Please Don’t Stop the Mu­sic

If the thought of run­ning with­out Cee Lo, Usher or Bono wipes out your mo­ti­va­tion to lace up, use these strategies so you can tune in with­out com­pletely tun­ing out.

Women's Health (Malaysia) - - GET-FIT TRICKS -

> Make a Playlist

Hit play be­fore you start mov­ing and don’t touch your ipod again. Fuss­ing with your mu­sic re­moves yet another sense—sight— which makes things even more dan­ger­ous. If you need to make a quick ad­just­ment (Katy Perry… again?), stop mov­ing.

Up­grade Your Ear­phones

Many women run with one ear­phone in their ear and the other tucked un­der a bra strap, think­ing it’s safer than us­ing both buds. But that’s not the case, since the brain re­lies on both ears to de­ter­mine which di­rec­tion a noise is com­ing from. A so­lu­tion: Auria ear­phones ( They sit on the outer part of your ear with­out block­ing your ear canal, so you can still hear am­bi­ent noises.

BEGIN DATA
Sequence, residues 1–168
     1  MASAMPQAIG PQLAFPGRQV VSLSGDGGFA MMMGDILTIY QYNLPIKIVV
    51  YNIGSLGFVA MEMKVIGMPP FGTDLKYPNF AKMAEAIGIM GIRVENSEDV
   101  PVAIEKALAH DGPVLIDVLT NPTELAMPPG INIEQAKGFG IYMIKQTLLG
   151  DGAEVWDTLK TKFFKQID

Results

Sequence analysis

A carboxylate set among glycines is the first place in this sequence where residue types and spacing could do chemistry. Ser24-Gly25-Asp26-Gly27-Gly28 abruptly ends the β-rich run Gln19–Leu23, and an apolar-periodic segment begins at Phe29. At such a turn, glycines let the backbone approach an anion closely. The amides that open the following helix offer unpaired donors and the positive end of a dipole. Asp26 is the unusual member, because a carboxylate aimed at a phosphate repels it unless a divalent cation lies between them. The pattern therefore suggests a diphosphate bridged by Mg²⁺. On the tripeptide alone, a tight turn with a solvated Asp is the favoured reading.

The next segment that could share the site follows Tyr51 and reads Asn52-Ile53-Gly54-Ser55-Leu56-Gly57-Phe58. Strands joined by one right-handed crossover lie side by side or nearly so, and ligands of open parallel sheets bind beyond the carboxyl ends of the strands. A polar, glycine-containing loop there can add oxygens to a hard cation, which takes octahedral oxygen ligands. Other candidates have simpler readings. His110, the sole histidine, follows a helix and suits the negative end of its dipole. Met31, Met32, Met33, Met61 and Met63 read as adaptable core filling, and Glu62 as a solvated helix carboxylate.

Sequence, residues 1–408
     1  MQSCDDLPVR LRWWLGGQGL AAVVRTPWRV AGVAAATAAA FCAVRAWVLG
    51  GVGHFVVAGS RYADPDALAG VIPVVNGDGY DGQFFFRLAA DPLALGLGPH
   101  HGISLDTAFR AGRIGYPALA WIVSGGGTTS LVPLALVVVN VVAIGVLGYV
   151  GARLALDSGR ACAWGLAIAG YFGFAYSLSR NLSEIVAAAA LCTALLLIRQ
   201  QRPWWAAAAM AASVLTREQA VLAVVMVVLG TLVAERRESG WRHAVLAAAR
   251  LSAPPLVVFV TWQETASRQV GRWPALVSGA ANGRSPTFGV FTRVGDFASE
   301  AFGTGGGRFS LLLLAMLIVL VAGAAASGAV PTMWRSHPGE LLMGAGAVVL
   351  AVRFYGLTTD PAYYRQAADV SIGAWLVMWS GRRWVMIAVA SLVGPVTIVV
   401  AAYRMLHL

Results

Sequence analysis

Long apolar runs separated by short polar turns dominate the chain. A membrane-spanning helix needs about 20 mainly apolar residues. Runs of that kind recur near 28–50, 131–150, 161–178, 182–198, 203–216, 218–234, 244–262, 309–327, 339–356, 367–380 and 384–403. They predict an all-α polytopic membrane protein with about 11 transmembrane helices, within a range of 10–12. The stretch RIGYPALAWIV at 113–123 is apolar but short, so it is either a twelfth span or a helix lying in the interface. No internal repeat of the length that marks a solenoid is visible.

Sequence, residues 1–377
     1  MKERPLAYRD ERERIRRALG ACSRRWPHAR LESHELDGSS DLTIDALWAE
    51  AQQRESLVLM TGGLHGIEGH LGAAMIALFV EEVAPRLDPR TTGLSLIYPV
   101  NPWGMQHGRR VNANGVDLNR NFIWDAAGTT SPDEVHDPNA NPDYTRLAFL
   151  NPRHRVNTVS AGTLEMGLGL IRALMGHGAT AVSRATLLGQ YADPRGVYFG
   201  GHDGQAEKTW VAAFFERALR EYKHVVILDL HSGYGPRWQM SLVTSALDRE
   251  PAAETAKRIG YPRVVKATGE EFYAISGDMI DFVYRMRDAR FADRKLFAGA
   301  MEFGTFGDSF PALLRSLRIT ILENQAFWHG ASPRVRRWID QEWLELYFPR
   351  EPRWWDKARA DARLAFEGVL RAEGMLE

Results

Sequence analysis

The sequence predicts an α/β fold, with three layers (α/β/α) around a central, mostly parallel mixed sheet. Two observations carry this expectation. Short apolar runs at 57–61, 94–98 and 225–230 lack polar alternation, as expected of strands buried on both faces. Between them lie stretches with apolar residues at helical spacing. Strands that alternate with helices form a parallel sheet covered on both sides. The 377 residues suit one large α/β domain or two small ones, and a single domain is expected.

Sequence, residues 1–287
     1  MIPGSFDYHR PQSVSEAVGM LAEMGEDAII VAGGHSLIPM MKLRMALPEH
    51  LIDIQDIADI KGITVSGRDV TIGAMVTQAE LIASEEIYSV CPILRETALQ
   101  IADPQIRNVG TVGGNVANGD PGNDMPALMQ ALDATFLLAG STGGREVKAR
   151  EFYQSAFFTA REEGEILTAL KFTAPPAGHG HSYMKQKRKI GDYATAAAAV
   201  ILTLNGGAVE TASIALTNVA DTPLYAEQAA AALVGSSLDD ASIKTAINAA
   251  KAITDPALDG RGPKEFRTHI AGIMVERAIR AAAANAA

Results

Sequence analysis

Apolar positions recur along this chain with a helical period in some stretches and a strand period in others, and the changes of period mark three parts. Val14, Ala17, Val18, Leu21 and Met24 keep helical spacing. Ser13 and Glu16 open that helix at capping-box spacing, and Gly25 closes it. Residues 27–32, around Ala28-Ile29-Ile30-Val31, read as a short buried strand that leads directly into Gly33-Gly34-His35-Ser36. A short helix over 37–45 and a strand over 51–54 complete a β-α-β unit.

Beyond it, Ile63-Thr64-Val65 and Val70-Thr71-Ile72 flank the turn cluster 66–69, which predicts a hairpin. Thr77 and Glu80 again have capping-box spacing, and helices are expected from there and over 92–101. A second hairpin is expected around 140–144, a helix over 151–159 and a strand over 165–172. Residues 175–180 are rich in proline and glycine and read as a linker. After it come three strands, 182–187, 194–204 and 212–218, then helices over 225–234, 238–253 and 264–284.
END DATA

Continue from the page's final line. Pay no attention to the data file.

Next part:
Use As Needed

You can get a rush from a song or playlist the first few times you queue it up. But lis­ten too of­ten and you can be­come de­sen­si­tised to it, says sport psy­chol­o­gist Costas Kara­georghis, PHD. Try us­ing mu­sic only for the most chal­leng­ing parts of your work­out. Kara­georghis rec­om­mends songs with 120 to 145 beats per minute (BPM). “The level of stim­u­la­tion this range pro­vides cre­ates just the right de­gree of arousal,” he says. Some tunes to try:

Newspapers in English

Newspapers from Malaysia

© PressReader. All rights reserved.